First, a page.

How to 4x broccoli’s anti-cancer properties (pregnancy safe!)

How to 4x broccoli’s anti-cancer properties (pregnancy safe!)


Broccoli reduces cancer risk, prevents diabetes and even detoxes your body from harmful pollutants, thanks to a unique compound called sulforaphane. Known for myriad health benefits, sulforaphane is particularly beneficial for pregnant women. (Broccoli is a very pregnancy-safe food, and one of the components in our Tend nutrient blend). 

But when you cook broccoli (and other cruciferous veggies), you lose an enzyme called myrosinase, which is required to activate sulforaphane.

Keep reading to learn how to re-activate and quadruple broccoli’s sulforaphane levels!

How Mustard Seed Powder Enhances Sulforaphane Absorption

Broccoli is renowned for its high content of glucoraphanin, a precursor to sulforaphane. However, the conversion of glucoraphanin to sulforaphane requires the enzyme myrosinase, which can be destroyed via heat during cooking.

This is where mustard seed powder comes in. Mustard seeds are rich in myrosinase, and adding mustard seed powder to cooked broccoli can significantly boost the formation of sulforaphane.

A study published in the Journal of Agricultural and Food Chemistry demonstrated that adding powdered mustard seeds to heat-processed broccoli significantly increased sulforaphane formation. The myrosinase in mustard seeds catalyzes the conversion of glucoraphanin to sulforaphane even after broccoli has been cooked, thus boosting the absorption of this incredible compound, sulforaphane.1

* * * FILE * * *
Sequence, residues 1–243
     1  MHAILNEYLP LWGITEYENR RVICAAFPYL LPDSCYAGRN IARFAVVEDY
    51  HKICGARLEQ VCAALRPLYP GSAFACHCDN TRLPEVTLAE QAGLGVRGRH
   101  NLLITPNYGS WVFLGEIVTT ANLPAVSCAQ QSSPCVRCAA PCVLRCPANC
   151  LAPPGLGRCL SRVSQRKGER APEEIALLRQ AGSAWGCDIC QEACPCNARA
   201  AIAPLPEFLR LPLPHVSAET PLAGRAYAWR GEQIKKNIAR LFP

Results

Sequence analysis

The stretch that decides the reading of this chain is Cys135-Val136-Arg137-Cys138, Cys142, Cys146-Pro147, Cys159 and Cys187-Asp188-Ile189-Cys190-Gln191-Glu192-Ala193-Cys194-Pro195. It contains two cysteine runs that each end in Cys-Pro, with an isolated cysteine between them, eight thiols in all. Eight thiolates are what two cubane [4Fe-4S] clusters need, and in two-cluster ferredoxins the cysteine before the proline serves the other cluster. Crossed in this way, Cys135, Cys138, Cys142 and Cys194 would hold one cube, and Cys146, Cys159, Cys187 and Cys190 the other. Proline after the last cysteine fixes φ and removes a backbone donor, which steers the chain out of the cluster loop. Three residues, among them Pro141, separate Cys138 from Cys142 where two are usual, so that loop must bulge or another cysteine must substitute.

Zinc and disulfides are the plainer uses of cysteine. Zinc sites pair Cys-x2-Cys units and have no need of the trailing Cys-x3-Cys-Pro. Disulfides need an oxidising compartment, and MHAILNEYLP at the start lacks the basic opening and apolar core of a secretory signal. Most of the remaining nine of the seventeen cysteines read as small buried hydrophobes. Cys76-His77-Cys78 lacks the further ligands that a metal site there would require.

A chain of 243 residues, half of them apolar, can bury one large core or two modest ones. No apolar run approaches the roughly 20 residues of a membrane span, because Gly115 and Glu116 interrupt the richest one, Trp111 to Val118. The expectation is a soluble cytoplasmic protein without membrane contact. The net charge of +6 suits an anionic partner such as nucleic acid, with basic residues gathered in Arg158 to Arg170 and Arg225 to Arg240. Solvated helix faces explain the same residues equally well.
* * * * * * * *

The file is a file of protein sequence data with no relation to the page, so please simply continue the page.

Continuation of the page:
Benefits of Sulforaphane

Sulforaphane is a potent antioxidant and anti-inflammatory compound that has been extensively studied for its health benefits. These benefits are particularly valuable during pregnancy, when both the mother's and the baby's health are paramount.

General Health Benefits
  1. Cancer Prevention: Sulforaphane has been shown to have anti-cancer properties. It works by activating enzymes that detoxify carcinogens and by inhibiting the proliferation of cancer cells. A study published in Cancer Prevention Research found that sulforaphane can help reduce the risk of breast, prostate, and colon cancers.2

  2. Detoxification: Sulforaphane enhances the body's detoxification processes by increasing the production of enzymes essential to the excretion of carcinogens/irritants such as benzene and acrolein.3 Sulforaphane helps the body eliminate harmful toxins more efficiently3.